Whirlpool’s First-Quarter Profit Rises, Helped by U.S. Energy Tax Credits

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  • Posted on April 27, 2011

    Whirlpool Corp. (WHR), the world’s largest appliance maker, said first-quarter profit advanced 3 percent, helped by an energy tax credit.

    Net income rose to $169 million, or $2.17 a share, from $164 million, or $2.13 a share, a year earlier, the maker of KitchenAid refrigerators and Maytag washing machines said today in a statement. Revenue gained 3 percent to $4.4 billion, surpassing the $4.29 billion predicted by analysts. Profit was $2.11 a share, excluding some items, and operating profit declined.

    Sales at Whirlpool, based in Benton Harbor, Michigan, recovered last year after the company gained market share and benefited from U.S. tax credits for making energy-efficient appliances. Jeff Fettig, chairman and chief executive officer, is also expanding business in emerging markets such as Brazil, with about half of the company’s sales coming from North America last year.

    “Our first-quarter results reflect our ongoing cost reduction efforts and continued innovation investments, which helped to mitigate significant material cost inflation,” Fettig said in the statement today.

    Whirlpool rose 0.7 percent to $87.86 yesterday in New York Stock Exchange composite trading, extending the stock’s gain in six months to 8.4 percent.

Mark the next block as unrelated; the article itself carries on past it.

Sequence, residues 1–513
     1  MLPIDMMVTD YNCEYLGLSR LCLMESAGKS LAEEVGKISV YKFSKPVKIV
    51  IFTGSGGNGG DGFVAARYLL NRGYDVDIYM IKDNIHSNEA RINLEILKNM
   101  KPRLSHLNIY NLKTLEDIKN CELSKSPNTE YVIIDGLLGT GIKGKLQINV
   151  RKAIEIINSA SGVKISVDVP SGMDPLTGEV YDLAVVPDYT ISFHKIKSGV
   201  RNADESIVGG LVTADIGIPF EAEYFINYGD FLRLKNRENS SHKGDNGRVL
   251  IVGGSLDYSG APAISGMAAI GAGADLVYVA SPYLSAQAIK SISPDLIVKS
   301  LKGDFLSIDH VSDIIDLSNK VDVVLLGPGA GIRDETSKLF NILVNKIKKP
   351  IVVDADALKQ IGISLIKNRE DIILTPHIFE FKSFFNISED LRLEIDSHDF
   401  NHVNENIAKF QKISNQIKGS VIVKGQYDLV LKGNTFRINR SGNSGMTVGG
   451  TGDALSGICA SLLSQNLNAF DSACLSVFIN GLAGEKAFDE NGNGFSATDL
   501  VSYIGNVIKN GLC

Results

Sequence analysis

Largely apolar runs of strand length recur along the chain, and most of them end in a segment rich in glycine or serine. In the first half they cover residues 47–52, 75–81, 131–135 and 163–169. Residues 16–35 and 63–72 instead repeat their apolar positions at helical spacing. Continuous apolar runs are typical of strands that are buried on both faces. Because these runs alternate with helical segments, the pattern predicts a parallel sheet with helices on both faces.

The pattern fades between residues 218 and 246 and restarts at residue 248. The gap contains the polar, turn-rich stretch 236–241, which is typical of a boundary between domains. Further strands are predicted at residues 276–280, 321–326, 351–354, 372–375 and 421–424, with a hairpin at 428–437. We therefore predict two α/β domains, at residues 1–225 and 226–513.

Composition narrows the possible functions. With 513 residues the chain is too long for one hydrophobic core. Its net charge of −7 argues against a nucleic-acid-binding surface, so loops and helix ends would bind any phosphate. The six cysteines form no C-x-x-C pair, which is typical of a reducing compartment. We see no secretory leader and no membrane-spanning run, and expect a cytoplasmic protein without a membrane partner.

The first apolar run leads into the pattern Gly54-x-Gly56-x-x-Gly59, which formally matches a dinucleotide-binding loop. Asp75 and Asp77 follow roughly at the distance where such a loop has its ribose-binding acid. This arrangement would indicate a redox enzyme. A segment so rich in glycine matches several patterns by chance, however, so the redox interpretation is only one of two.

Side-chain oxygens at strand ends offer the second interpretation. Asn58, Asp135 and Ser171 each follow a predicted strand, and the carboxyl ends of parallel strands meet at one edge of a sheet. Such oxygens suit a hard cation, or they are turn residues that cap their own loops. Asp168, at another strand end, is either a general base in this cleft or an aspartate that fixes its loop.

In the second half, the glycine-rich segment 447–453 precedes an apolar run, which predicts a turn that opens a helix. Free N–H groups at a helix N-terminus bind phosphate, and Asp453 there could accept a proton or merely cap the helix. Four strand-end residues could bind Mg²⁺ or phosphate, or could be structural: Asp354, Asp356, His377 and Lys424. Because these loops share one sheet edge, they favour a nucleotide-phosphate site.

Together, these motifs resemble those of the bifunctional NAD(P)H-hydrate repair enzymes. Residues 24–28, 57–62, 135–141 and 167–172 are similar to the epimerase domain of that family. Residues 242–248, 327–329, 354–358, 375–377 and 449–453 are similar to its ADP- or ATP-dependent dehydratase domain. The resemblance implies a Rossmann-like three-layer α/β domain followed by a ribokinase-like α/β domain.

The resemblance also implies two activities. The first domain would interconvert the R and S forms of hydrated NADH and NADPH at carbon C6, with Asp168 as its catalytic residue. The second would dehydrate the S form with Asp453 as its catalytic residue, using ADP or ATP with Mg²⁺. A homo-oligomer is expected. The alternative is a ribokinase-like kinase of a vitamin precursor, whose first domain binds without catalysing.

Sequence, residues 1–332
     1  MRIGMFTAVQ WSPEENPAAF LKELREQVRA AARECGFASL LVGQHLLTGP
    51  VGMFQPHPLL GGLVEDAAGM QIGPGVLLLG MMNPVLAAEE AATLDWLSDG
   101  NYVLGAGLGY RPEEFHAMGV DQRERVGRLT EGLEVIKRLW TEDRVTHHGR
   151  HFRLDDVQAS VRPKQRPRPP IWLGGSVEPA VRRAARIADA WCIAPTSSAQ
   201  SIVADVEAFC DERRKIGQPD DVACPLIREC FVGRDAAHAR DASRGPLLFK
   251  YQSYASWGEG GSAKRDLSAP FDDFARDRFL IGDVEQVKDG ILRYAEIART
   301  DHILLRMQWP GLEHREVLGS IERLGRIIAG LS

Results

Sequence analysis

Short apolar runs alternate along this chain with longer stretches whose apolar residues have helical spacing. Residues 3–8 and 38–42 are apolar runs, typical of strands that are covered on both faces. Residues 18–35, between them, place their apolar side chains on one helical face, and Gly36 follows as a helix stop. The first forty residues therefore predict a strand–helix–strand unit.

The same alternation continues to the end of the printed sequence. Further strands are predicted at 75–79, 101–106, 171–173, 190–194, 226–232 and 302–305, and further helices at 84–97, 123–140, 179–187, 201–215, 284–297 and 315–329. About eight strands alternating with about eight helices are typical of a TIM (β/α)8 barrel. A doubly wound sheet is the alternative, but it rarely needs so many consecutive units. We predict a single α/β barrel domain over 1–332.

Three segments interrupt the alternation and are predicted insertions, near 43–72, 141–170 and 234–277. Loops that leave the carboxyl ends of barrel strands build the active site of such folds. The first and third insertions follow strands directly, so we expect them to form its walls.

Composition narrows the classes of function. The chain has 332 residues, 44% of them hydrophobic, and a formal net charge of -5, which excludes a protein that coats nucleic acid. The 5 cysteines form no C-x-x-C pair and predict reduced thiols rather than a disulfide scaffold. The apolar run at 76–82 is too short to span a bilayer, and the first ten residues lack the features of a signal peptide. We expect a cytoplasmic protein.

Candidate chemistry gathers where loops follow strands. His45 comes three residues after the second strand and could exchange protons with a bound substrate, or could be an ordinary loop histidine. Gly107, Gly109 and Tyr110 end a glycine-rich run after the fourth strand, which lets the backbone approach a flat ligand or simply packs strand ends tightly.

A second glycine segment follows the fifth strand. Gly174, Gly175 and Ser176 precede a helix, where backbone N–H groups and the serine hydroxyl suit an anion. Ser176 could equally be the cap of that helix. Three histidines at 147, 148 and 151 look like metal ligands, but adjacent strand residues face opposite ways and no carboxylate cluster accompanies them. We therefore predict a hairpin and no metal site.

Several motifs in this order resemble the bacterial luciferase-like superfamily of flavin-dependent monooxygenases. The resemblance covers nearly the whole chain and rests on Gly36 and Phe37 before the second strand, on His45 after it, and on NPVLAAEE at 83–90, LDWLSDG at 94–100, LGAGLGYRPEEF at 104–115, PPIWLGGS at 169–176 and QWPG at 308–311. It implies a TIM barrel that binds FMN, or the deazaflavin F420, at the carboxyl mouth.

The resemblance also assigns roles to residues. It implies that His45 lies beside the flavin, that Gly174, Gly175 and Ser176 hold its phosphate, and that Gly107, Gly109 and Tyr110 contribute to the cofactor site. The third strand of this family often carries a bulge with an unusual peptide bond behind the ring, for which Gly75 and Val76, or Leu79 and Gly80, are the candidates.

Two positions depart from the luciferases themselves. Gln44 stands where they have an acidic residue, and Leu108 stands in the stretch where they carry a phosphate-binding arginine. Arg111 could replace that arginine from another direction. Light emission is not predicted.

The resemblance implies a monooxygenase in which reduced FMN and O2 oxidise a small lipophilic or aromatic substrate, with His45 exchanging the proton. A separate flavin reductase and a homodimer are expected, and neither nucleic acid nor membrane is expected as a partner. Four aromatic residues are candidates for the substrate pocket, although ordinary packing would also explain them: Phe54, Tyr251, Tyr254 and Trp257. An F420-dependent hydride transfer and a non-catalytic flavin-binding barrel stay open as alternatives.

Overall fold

Whirlpool plans to spend more than $600 million on research and development and will open a plant and distribution center in Tennessee and a headquarters with $1 billion in U.S. investment through 2014, Fettig said in a speech in Detroit last month.

    Maytag Purchase

    Founded a century ago, Whirlpool bought smaller Maytag Corp. in 2006 for $2.6 billion to compete with appliance makers in Asia.

    After closing nine factories in North America since the merger, the company still operates nine plants in the U.S., with about 17,500 workers, and says 82 percent of the units sold in the U.S. are domestically made. Globally, Whirlpool employs 71,000 people.

    Sales at the appliance maker rose 7 percent to $18.4 billion last year after dropping during the housing slump of the previous two years. In the year-earlier quarter, the company attributed a rise in revenue to increased productivity.

    To contact the reporter on this story: Lauren Coleman-Lochner in New York at llochner@bloomberg.net;

    To contact the editor responsible for this story: Robin Ajello at rajello@bloomberg.net


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